She started with three staff members in the infancy of the merger of the Rape Crisis Center and the Children’s Advocacy Center, which became Hope Haven.  She made significant changes, recruited a new Board, more than doubled her budget in 3 years and met criteria to become nationally accredited. Now that’s impressive.

Hope Haven provides a one-stop shop for the victim and facilitates the process for all agencies involved in a case. State-of-the-art forensic interviewing allows investigative, prosecutorial and treatment teams timely and coordinated response to all reported cases, all under one roof. And for the victim, this is essential.

Hope Haven provides 24/7 crisis intervention. A Victim’s Advocate will provide hospital and court accompaniment and assistance as needed.  Counseling and Support Groups are also available.

So Shauw Chin Capps is responsible for an indispensable component of our community. She sees the tough circumstances daily, yet continues to make progress for Beaufort County residents unfortunately referred to Hope Haven.

Last year, Hope Haven saw 512 cases of direct victims and 547 cases of secondary victims (loved ones, children), which was an astonishing 25% more than 2008. The numbers are not slowing down either.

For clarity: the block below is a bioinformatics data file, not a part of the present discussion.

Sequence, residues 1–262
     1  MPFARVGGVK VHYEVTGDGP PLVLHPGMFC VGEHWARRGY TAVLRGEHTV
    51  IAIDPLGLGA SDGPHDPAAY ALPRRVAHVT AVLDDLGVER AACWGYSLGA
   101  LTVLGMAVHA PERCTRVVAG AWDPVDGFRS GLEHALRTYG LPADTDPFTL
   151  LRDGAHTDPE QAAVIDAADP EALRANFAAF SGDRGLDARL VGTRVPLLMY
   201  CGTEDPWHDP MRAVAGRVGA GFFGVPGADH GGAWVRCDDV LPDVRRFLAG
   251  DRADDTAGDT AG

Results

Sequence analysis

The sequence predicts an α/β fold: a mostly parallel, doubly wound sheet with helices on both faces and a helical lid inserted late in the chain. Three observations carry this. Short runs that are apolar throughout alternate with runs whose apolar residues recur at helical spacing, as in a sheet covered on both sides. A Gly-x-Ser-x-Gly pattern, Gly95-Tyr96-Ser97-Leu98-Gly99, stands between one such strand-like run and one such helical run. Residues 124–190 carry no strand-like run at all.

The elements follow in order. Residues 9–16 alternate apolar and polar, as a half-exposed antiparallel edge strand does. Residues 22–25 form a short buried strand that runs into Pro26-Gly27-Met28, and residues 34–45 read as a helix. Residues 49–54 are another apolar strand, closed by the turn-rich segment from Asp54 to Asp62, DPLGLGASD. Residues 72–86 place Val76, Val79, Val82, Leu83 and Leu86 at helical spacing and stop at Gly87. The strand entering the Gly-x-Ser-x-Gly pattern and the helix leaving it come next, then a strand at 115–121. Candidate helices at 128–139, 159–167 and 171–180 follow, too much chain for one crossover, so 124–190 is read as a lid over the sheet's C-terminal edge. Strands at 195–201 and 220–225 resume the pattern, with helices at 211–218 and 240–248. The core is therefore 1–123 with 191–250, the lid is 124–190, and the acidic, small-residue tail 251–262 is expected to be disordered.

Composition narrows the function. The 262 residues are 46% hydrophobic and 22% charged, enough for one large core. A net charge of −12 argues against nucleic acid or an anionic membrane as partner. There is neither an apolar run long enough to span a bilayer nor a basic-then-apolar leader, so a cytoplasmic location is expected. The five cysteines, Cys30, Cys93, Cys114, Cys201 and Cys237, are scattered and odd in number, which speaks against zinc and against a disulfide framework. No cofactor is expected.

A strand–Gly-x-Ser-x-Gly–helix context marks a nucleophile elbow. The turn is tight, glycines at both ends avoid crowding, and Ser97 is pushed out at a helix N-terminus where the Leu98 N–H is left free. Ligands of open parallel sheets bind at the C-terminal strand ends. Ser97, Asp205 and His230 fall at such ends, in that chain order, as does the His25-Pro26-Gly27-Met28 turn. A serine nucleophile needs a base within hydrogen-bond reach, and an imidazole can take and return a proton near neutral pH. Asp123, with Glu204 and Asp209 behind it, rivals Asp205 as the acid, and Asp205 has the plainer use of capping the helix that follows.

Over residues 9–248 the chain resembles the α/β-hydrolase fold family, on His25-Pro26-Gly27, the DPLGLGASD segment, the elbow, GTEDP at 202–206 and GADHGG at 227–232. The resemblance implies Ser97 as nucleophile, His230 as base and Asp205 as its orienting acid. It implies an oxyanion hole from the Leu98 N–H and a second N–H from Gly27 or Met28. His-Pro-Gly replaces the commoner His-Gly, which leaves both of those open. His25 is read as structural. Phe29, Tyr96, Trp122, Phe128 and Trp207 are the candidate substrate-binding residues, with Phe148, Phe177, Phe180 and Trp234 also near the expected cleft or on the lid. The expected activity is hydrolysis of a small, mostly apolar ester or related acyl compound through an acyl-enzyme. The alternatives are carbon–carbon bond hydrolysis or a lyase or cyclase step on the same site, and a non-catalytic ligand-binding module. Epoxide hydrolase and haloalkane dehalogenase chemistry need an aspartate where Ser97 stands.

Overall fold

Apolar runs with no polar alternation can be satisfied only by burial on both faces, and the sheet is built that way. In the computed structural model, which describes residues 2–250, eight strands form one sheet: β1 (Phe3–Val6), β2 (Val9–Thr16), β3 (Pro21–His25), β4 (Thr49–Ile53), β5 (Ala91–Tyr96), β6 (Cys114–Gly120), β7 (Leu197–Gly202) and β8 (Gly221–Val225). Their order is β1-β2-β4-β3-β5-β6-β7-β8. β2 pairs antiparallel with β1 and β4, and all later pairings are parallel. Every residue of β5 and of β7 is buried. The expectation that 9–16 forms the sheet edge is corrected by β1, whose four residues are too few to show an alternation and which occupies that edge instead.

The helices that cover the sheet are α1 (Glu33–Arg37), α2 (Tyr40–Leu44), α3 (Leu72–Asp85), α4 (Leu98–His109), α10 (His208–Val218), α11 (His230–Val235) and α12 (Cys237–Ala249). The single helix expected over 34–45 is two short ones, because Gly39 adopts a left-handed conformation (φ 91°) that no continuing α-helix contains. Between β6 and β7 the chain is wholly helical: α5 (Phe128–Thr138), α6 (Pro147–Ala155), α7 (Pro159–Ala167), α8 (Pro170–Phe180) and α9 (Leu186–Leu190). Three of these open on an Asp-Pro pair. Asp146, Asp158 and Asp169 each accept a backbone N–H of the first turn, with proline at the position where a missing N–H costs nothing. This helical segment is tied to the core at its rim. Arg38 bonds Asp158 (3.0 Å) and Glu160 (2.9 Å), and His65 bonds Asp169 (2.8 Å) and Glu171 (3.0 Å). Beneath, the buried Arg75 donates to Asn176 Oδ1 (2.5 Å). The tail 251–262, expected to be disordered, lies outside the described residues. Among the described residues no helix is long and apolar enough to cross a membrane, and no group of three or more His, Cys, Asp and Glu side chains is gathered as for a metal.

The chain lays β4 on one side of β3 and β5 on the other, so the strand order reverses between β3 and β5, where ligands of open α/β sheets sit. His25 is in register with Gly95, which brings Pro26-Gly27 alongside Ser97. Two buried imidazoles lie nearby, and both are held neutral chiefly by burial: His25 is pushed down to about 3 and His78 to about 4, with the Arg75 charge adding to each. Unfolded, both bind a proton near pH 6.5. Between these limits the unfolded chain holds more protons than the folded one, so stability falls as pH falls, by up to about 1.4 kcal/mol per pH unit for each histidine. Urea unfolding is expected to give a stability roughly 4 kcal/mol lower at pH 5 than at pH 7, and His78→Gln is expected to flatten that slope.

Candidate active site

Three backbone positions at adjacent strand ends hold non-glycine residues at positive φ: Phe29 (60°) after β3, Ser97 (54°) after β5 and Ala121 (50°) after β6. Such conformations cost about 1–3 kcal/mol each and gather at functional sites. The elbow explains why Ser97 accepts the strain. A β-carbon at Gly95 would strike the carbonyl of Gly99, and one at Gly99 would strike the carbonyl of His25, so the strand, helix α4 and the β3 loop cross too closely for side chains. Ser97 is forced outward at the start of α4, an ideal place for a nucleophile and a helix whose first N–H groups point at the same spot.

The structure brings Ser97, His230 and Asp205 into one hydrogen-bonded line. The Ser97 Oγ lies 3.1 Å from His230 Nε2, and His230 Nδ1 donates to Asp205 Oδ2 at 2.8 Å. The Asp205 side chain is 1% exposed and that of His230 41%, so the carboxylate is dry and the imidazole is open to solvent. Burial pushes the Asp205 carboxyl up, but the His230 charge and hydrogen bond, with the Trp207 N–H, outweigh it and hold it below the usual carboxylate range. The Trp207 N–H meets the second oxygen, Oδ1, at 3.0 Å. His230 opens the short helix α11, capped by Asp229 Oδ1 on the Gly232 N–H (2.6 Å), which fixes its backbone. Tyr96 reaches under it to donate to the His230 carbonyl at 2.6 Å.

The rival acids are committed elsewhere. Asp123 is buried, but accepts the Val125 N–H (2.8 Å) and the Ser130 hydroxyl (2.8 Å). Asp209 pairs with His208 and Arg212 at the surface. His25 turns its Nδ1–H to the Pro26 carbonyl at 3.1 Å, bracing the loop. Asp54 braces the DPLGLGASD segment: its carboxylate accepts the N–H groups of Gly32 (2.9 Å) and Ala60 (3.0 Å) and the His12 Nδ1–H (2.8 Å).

Hope Haven is grant-funded. All of their services are provided at no cost, with disregard of the victim’s wealth or background. And, as the numbers go up, so does the budget.

Each year, Hope Haven presents Lilies on the River. It is a unique event that remembers and honors the women in your life who have made a positive impact through mentoring, nurturing or caring.  Lilies can be purchased for a tax deductable $10 and released at a ceremony on the water at Berkeley Hall in Bluffton on Mother’s Day, May 8th.  A luncheon and champagne toast will follow. Of course, all proceeds benefit Hope Haven of the Lowcountry. For more information about Lilies on  the River or to order a Lily online, visit www.hopehavenlc.org.

Shauw Chin Capps is doing work that needs to be done. And she honestly believes, with all her heart that that every child can lead a productive life after treatment of abuse. Even though they can’t forget, Hope Haven empowers each victim to cope. Shauw Chin has the hope that people will recover.

And that’s why I believe Shauw Chin Capps is an angel on Earth.  She guides those in need to a place from within that is safe and comfortable.  She is motivated to instill intrinsic peace for all. That is truly heroic.

It was an honor to meet you Shauw Chin. Thank you for protecting our children in Beaufort County. You are the right person for this demanding position, and I certainly feel safe with you there.

About Wendy

Wendy Pollitzer is a versatile writer living in the Lowcountry of South Carolina.